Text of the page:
Associate Professor of History and Associate Director, Humanities Research Center, Virginia Commonwealth University.
I'm a historian of early modern Britain and the British Atlantic, with a focus on the colonial Caribbean. My research and teaching interests include slavery and abolition, national identity and imperial citizenship, the British monarchy, and intersections of race, gender, and sexuality in Britain and the British Empire. I'm also the Associate Director of the Humanities Research Center at VCU. https://humanitiescenter.vcu.edu
My publications include, with Gregory D. Smithers, Native Diasporas: Indigenous Identities and Settler Colonialism in the Americas (University of Nebraska Press, 2014), and A Dark Inheritance: Blood, Race, and Sex in Colonial Jamaica (forthcoming from Yale University Press, 2018). Focusing on the island of Jamaica, A Dark Inheritance traces the pervasiveness of questions about blood lineage in debates over the meaning of British subjecthood and its extension to new categories of colonial subjects during the age of slavery.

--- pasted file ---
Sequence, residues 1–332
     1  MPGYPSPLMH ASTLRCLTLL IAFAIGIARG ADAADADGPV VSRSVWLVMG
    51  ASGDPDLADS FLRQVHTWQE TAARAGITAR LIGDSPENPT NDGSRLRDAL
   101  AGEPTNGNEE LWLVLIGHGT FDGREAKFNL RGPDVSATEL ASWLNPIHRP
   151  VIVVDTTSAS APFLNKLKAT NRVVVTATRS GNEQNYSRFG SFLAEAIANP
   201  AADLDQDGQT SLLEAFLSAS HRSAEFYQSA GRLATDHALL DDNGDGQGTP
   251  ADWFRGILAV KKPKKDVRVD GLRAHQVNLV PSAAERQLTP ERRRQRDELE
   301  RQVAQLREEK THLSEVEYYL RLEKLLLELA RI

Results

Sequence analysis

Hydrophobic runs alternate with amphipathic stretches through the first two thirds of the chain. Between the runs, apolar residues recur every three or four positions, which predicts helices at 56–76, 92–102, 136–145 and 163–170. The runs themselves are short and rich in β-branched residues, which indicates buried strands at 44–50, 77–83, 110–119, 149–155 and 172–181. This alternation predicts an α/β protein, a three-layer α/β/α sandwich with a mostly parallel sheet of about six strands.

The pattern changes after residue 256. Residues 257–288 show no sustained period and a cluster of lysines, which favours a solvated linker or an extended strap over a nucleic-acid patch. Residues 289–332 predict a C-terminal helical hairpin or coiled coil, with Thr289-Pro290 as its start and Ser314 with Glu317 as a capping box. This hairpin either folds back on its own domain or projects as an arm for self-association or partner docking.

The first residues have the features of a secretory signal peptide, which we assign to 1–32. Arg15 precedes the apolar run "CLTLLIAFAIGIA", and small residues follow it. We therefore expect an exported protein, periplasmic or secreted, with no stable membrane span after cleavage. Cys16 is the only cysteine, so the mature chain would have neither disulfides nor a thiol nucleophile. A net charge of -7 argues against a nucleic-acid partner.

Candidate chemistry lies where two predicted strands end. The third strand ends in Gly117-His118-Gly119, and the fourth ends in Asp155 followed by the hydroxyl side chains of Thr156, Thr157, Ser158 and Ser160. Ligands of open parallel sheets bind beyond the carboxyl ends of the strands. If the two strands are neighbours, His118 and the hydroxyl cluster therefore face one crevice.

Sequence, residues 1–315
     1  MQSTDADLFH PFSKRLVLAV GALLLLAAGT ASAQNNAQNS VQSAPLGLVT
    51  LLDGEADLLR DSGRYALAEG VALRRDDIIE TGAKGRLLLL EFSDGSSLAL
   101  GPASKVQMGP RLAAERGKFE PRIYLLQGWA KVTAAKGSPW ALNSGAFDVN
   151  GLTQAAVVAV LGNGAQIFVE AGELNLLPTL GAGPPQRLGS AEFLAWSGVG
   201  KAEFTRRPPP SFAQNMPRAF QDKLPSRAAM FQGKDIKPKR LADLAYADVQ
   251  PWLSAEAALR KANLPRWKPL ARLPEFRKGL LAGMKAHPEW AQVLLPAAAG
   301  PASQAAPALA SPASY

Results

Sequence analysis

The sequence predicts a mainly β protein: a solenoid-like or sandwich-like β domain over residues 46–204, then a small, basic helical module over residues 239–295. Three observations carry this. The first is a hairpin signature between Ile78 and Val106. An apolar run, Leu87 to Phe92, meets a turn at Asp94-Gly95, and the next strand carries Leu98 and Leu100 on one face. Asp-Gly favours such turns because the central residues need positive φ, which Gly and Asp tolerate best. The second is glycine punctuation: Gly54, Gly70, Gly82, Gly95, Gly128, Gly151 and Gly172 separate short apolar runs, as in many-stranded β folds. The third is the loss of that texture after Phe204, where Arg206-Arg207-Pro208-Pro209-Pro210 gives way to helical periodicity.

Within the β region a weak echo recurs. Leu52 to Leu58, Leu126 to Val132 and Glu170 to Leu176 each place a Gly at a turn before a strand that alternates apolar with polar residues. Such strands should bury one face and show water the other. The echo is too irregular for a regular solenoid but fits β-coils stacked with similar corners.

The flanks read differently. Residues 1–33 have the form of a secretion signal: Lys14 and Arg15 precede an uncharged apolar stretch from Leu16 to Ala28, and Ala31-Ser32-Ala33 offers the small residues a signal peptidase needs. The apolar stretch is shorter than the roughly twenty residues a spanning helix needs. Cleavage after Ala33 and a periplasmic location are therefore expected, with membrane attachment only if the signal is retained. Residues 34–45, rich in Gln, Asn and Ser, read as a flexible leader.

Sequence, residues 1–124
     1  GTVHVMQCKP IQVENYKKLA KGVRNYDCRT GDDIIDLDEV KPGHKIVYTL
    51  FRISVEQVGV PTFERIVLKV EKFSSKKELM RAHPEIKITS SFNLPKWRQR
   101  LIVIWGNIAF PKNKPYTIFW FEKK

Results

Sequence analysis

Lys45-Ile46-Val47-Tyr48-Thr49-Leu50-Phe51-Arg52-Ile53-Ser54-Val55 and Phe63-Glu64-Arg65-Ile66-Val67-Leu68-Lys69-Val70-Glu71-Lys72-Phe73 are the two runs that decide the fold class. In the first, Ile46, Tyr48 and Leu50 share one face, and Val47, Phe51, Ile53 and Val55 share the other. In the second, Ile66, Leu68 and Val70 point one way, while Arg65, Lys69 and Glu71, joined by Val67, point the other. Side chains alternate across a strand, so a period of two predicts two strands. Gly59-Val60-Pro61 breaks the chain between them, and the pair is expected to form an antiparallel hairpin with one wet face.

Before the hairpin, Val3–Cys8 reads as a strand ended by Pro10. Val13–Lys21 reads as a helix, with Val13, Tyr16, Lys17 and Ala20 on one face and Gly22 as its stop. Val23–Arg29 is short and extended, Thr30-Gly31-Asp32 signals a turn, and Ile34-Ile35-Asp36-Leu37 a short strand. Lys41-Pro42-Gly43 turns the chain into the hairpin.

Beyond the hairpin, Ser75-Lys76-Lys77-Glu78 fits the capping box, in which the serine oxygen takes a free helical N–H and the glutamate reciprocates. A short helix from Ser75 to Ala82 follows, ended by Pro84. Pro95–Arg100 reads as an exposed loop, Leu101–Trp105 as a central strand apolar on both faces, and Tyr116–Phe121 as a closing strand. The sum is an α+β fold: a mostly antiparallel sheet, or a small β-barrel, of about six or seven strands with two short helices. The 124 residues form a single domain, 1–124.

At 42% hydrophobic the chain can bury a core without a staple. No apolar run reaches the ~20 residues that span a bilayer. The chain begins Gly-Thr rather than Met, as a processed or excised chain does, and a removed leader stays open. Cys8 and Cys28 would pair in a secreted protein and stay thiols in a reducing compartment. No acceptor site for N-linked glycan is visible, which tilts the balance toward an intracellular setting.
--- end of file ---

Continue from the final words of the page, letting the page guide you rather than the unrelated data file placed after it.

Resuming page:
My current book project, Subjects of the Crown: Slavery, Emancipation, and the British Monarchy, 1760-1840, explores Georgian monarchial perspectives surrounding issues of slavery, race, freedom, and black citizenship. Subjects of the Crown has received funding from the Georgian Papers Programme, a collaboration between the Royal Collection Trust, King's College London, and the Omohundro Institute of Early American History and Culture and the College of William & Mary. https://georgianpapersprogramme.com/fellowships/full_list_fellows/